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Self Defense/Whats the point of reverse punch?


I am quite curious whats the difference between just throwing a straight in boxing and the reverse punch in Japanese arts.

n fact some of those reverses (at least coming from my background in boxing) can be better spent using an uppercut

In fact the concept of left jab and then reverse doesn't make sense to me. It seems better spent with a traditional left left right combo.

There's something really important to understand about modern karate. It's like a car with no engine or transmission. You got the basic form, hell it might even be really shiny and detailed out. But the thing that makes it go is missing.

I say that there are three people who have made me eat raw every bad thing I've ever said about karate. What they do doesn't just work, it's fuckin' amazing. That's the positive spin that a lot of karate people can happily accept.

The not-so-happy spin is that those three people proved me right about every bad thing I've said about what is taught as karate.  They're teaching car-with-no-engine karate. Worse, they're making shit up and claiming that's the application. (Funny thing guy who learned in Japan told me. He'd heard about this thing called 'bunkai' (secret application of moves). So he asked his sensei to teach him the bunkai of a move. The sensei patiently explained the mechanics of doing the move. "No, no I want to learn the bunkai!" The sensei explained the mechanics again. When he asked about application the teacher went "That's not bunkai (demarcation), thats oyu (application)" To this day I still run into people who think what I'm about to tell you is bunkai.)

One thing I could never figure out is the front snap kick at thigh height followed by a reverse punch combo. I mean  I kick the guy out at that range and then punch? "What the hell man?" If I kicked the SOB right he's either reeling out of punch range or dropping. Why would I want to punch when he's out of range?

But man all them karate experts (with no engines) told me that was the move. Forward kick, followed by a reverse punch.

Except it's not really a punch. Nor is the attack of kick on the way out, it's during the retraction. See instead of doing it from way the hell out there, you get up close with the dude (like in hook range). That kick misses his leg on the way out. On the way BACK your heel slams into the back of the dude's knee causing it to collapse. That funky two hand swap that looks like two punches isn't. It's a one hand grabs and pulls, the other hand is held open and becomes a driving palm strike. The combo of movement causes the guy to drop like a ton of bricks.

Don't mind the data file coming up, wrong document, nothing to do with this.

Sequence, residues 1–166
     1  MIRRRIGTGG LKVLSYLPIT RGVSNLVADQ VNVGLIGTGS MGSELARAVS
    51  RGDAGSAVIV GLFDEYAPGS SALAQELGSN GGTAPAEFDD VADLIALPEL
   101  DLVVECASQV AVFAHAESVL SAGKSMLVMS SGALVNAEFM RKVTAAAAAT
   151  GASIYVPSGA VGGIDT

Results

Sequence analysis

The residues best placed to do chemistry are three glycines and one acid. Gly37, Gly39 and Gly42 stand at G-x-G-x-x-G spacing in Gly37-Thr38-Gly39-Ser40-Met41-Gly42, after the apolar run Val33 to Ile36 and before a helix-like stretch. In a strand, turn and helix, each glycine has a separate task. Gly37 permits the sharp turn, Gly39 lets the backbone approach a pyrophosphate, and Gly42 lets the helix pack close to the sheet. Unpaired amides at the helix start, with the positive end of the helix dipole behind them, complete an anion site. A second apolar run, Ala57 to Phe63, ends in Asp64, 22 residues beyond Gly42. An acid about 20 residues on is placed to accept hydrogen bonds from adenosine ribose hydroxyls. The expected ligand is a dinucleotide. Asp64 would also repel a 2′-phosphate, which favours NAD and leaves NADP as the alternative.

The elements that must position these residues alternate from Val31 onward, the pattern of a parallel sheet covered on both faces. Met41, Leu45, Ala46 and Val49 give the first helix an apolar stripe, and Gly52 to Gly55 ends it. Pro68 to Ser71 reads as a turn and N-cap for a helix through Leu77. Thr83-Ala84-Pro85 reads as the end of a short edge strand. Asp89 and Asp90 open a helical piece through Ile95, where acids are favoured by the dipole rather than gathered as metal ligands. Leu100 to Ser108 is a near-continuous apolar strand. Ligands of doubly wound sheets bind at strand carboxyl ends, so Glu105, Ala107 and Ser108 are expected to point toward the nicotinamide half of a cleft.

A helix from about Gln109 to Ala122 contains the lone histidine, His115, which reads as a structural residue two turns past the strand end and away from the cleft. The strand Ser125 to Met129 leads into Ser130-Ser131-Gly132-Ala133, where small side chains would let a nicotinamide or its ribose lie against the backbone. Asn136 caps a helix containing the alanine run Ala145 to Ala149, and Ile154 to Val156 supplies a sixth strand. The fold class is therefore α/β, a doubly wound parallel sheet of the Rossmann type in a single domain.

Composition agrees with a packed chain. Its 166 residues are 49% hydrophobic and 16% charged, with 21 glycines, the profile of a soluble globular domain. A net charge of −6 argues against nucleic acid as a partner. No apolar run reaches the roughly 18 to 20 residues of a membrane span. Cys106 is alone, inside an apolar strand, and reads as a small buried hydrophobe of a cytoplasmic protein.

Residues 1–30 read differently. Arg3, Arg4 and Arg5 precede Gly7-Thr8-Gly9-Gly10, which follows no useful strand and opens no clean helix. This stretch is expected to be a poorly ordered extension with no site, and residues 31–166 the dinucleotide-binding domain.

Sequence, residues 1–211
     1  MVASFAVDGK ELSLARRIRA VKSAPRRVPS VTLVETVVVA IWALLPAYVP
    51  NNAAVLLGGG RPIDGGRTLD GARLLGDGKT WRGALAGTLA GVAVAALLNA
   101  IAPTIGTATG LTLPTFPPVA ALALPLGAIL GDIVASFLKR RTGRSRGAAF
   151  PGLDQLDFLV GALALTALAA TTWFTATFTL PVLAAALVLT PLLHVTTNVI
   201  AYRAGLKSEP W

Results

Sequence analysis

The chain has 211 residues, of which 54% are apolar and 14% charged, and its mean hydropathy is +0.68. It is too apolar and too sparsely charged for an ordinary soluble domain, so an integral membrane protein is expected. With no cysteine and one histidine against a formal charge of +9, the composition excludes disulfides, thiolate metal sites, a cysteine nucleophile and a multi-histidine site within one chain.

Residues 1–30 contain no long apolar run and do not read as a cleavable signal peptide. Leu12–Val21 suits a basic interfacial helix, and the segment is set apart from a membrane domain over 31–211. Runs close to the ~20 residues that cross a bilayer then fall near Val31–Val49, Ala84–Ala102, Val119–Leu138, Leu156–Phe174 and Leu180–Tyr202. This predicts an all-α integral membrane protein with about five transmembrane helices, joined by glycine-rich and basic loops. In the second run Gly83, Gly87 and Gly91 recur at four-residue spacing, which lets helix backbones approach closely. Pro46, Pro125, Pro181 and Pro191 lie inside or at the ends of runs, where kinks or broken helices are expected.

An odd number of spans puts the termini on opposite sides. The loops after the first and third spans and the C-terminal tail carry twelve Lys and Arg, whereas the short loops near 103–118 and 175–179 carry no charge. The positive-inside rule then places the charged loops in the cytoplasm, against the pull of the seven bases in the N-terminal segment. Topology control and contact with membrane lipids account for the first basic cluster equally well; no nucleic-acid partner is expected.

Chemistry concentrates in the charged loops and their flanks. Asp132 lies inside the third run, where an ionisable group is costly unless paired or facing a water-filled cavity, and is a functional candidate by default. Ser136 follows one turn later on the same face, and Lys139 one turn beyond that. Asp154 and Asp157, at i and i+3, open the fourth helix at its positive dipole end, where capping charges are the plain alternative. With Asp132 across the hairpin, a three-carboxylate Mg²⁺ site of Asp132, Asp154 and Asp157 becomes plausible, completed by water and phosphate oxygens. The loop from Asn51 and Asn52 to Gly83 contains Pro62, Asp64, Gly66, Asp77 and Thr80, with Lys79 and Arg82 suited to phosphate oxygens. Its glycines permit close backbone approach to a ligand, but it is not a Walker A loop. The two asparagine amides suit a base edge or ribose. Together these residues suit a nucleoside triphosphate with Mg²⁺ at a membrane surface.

Sunnofa.... THERE IT IS!!!  

You can't reliably drop someone with a jab and a cross. You sure as hell aren't going to drop them with a kick and a reverse punch. But that back of the knee kick and two handed twist will drop him like a prom dress. The 'hit' is when the guy slams into the ground all twisted up and not able to bounce. (I can hit him with my fist or I can hit him with the ground. The ground is bigger. It hurts more -- Paul deThouras.)

The reverse punch also looks slow and stupid from being done way the hell out there. And for years one thing that NOBODY could explain to me what functional use a back step reverse punch was for. Until I was charging at a dude and he stepped back and fired one off.  I ran right into it and dropped. It wasn't exactly what I call a 3 Stooges Knock out (running face first into a pole), but I was done. I spent the next few weeks nursing cracked short ribs.

See the problem isn't that the move is useless, it's that the way most people are teaching when to use it makes it useless. And slow. And stupid.  If you can't understand it, it's because someone is trying to sell you a car with no engine.  

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Marc MacYoung


Street self-defense, crime avoidance and personal safety


I grew up in the streets of Los Angeles in 'situational poverty.' I have dealt with criminals and violent people all my life -- both personally and professionally. I have written 15 books and 6 videos on surviving street violence. I was originally published under the name Marc Animal MacYoung. (Animal was my street name). I've taught police and military both internationally and within the US. I've lectured at universities, academies and done countless TV, radio, newspaper and magazine interviews. I'm a professional speaker on crime avoidance and personal safety. And I am an expert witness recognized by the US court system. My bio is at My abridged CV (Curriculum Vitae) is at

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